The positive impact of social interactions on employees’ wellbeing cannot be overstated. Establishing connections with colleagues cultivates a sense of belonging and fosters identification with the company culture, playing a pivotal role in engaging and retaining loyal employees over the long term.
At EDB, we’ve seen a growing demand for extensive windows and the integration of natural lighting into office design. This demand is understandable since natural lighting tends to have a positive impact on both mental and physical wellbeing.
Especially during the darker months of the year, maximising exposure to natural light proves effective in warding off seasonal depression. Natural lighting facilitates the production of vitamin D, enhances circadian rhythms, sleep patterns, and contributes to heightened focus.
Beyond the health benefits, incorporating natural lighting into your workspace also carries financial advantages for your business, concurrently reducing energy costs while fostering improved mental wellbeing within your team.
In cases where improved or enhanced natural lighting is not an option, LED bulbs are an efficient option as they produce a brightness that effectively mitigates the mental and physical effects resulting from prolonged exposure to fluorescent lighting.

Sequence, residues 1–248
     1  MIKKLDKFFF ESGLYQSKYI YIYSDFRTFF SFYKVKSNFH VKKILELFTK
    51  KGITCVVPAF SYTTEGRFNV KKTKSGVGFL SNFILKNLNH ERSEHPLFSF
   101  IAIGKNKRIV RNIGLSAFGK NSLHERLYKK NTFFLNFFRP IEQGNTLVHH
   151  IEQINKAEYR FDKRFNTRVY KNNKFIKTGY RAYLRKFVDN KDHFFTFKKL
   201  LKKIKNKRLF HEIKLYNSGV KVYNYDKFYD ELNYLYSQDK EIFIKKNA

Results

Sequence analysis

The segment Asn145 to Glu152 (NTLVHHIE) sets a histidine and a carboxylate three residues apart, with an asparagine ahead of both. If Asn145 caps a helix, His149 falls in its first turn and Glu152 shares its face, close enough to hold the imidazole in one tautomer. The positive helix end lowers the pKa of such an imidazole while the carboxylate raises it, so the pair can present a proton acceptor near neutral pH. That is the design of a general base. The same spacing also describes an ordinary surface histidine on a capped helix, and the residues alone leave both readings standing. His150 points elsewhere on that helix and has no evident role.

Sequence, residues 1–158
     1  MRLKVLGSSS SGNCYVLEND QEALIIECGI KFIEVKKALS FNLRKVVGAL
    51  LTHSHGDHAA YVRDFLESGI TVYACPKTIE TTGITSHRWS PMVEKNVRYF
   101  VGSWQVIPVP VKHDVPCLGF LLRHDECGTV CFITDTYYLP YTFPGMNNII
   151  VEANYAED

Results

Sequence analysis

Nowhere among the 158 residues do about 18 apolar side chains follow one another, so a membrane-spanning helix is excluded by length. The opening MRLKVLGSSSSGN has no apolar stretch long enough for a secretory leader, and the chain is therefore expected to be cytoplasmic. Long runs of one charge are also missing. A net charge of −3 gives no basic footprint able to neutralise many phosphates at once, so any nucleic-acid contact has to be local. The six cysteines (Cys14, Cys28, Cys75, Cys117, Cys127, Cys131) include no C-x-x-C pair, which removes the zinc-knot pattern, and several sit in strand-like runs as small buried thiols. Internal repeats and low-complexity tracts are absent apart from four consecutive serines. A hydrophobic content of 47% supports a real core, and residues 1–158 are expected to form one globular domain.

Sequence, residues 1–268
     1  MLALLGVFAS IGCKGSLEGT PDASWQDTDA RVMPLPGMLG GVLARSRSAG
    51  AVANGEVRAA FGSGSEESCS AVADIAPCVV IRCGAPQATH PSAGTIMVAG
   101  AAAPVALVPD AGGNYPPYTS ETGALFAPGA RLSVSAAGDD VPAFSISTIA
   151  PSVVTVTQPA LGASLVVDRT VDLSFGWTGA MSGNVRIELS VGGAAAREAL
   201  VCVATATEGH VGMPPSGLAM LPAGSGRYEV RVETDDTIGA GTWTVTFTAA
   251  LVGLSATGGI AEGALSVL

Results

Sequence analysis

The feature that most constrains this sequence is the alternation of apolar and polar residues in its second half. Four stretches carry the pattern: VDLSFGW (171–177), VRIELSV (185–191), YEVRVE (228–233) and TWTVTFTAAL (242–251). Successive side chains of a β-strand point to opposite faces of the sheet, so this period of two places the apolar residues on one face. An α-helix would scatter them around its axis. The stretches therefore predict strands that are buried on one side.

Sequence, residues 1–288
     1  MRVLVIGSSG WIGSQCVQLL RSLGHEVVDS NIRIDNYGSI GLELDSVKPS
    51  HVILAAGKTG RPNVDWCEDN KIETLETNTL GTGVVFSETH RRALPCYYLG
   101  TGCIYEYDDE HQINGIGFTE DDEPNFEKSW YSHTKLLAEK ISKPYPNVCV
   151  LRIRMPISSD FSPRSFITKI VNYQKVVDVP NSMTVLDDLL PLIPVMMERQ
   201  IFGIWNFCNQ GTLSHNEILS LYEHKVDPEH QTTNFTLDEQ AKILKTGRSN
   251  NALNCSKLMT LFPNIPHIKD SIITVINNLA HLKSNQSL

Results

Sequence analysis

As well as lasting longer than normal bulbs, LED lights can save you between £4-£15 per bulb per year, depending on the wattage. These lights ensure a uniform and well-distributed illumination across the entire designated area. They also produce less heat and don’t expel harmful chemicals. LEDs therefore, are an effective all-encompassing solution for offices lacking in natural lighting.
Importing colours into your office
Considering the substantial time we spend in our offices and dedicate to our work, the design, and ambience of the workplace wield a direct influence on both employee wellbeing and productivity. Often, the careful selection and incorporation of colours in offices are underestimated. Colours have the power to impact mood, concentration, and creativity. At EDB, we take care to integrate colours in our office designs that align with the company’s branding, resulting in a more captivating overall design.
When introducing colours into the workplace, it is imperative to strike a harmonious balance between aesthetics and functionality. An assessment of your organisation’s culture and values becomes crucial: opt for colours that resonate with your company’s mission, vision, and values, thereby creating a unified and authentic atmosphere. For instance, a technology-focused company aiming for innovation may find vibrant colours conducive to stimulating creativity, whereas a healthcare organisation may lean towards calming colours that evoke a sense of tranquillity and healing.
We’ve noticed a growing emphasis among business owners on office designs that prioritise staff wellbeing, and we anticipate this trend continuing in 2024. A well-designed workspace, in alignment with a company’s core values, not only reflects the identity of your business but fosters creativity and achieving lasting success within the business.